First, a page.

“But when the Holy Spirit controls our lives, he will produce this kind of fruit in us: love, joy, peace, patience, kindness, goodness, faithfulness, gentleness, and self-control” (Galatians 5:22, 23).

Method: Shepherding

“Be shepherds of God’s flock that is under your care …” (1 Peter 5:2).

Environment: Authentic Biblical Community

“But encourage one another daily, as long as it is called Today, so that none of you may be hardened by sin’s deceitfulness” (Hebrews 3:13).

Means: By the renewing of our minds

“Do not conform any longer to the pattern of this world, but be transformed by the renewing of your mind. Then you will be able to test and approve what God’s will is—his good, pleasing and perfect will” (Romans 12:2).

“He who began a good work in you will carry it on to completion until the day of Christ Jesus” (Philippians 1:6).

“For God is working in you, giving you the desire to obey him and the power to do what pleases him” (Philippians 2:13).

Instrument: Application of Scripture

“All Scripture is God-breathed and is useful for teaching, rebuking, correcting and training in righteousness, so that the man of God may be thoroughly equipped for every good work” (2 Timothy 3:16, 17).

Time Frame: Lifetime Process

“Not that I have already obtained all this, or have already been made perfect, but I press on to take hold of that for which Christ Jesus took hold of me. Brothers, I do not consider myself yet to have taken hold of it. But one thing I do: Forgetting what is behind and straining toward what is ahead, I press on toward the goal to win the prize for which God has called me heavenward in Christ Jesus” (Philippians 3:12-14).

Question: How have you seen these factors at work in how people are growing spiritually in your group? Please scroll down and click to comment.

Small Group Leader ToolboxI wrote Small Group Leader Toolbox to provide small group leaders with the resources they need to help them and their groups be effective, grow spiritually, and live out God’s mission for them. This 54-page eBook provides scores of ideas, tips, checklists, how-to’s, assessments, planning templates, and, well … pretty much everything a leader needs to lead a dynamic small group or class.

Get your copy of this eBook now!

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25 Tips for Dealing with Politics in Your Small Group

How do you discuss politics civilly in such a politically charged culture?

Or should you even try?

Your group members may debate whether you should even talk about politics in small group meetings. Some would maintain that this could fracture a good group. Here’s my take: your group should be a great place to discuss politics IF you handle it well. Here are 25 important principles:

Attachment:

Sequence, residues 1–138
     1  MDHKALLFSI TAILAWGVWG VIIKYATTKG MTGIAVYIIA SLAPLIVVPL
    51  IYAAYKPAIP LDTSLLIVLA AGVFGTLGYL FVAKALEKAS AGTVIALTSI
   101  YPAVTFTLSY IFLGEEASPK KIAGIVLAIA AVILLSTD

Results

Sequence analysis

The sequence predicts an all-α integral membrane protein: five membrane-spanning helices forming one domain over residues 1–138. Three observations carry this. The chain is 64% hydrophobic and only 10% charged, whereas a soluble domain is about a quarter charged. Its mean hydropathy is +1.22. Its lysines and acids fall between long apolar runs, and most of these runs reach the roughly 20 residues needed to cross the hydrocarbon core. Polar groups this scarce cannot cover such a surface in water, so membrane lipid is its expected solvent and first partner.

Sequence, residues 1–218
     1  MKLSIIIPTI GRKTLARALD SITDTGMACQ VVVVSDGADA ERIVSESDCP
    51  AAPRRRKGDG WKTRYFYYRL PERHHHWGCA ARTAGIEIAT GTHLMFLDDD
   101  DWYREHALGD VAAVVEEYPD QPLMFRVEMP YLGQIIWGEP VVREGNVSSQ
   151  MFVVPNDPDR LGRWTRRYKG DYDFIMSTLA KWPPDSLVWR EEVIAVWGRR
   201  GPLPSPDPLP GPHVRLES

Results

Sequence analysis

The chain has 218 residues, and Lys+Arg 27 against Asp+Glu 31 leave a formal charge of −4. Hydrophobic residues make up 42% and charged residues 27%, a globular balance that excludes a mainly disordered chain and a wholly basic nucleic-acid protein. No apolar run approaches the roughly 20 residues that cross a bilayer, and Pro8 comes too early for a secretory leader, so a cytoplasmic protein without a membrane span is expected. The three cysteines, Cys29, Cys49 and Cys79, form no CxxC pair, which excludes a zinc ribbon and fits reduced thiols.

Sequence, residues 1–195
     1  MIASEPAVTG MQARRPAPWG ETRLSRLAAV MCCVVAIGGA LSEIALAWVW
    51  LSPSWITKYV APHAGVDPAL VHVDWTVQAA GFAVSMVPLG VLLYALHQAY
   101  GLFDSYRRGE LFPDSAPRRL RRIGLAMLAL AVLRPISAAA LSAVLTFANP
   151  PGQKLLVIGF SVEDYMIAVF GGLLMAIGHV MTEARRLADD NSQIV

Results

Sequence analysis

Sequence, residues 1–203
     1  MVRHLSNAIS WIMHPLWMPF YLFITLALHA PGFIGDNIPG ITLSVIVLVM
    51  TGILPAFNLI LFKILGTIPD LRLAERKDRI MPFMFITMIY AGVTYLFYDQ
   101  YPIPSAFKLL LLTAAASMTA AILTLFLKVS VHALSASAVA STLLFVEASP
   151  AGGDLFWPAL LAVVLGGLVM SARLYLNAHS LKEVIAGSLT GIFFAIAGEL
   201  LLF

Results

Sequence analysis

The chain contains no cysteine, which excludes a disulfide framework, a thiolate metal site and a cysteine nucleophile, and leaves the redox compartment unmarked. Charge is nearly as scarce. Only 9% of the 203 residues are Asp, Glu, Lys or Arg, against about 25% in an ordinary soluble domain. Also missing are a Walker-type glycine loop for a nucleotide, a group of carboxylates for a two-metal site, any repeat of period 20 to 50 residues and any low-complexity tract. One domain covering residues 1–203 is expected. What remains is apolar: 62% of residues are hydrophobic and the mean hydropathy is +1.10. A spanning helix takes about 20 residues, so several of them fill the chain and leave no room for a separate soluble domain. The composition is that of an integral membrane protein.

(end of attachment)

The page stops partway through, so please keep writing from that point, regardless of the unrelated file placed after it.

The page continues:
1. Before you begin discussing politics, consider the spiritual and emotional maturity of your group members, as well as your group as a whole. As a shepherd leader, you should be able to gauge where people are and if they can follow the rest of these principles in a discussion.
  2. Before entering into the discussion, set the ground rules. Use some or all of the following as your basis for what and how you will discuss.
  3. Pray that God will lead this discussion and do what only he can do to use it for your good and his glory.
  4. Agree on how you will relate to one another. The following 12 New Testament guidelines provide some of the most important relational principles for any group discussion.
  5. Clothe yourselves in humility toward one another and each other’s positions and opinions (1 Pet. 5:5).
  6. Love one another deeply, from the heart (1 Pet. 1:22). Love covers over a multitude of political positions.
  7. Be at peace with one another (Mark 9:50) and live in harmony with one another (1Pet. 3:8). This is a decision of the will you make before any discussion, especially a political one.
  8. Honor one another above yourselves, and above your own political opinions (Ro. 12:10).
  9. Be patient, bearing with one another, and one anther’s political views, in love (Eph, 4:2).
  10. Accept one another, regardless of political views, just as Christ accepted each of you (Ro. 15:7).
  11. Be kind and compassionate to one another (Eph. 4:32).
  12. Do not slander one another (Col. 3:9). And while you’re at it, don’t slander the other person’s candidate or political party.
  13. Do not grumble against each other or each other’s candidate (Jas. 5:9).
  14. A servant of the Lord must not quarrel but must be kind to everyone, be able to teach, and be patient with difficult people (2 Tim. 2:24; see Prov. 17:14, 19).
  15. Forgive whatever grievances you may have against one another (Col. 3:13).
  16. Pray for each other so that you (as Christ’s body) may be healed (Jas. 5:16).
  17. As you discuss issues, look at the larger context/perspective, that is, God’s story as revealed throughout Scripture.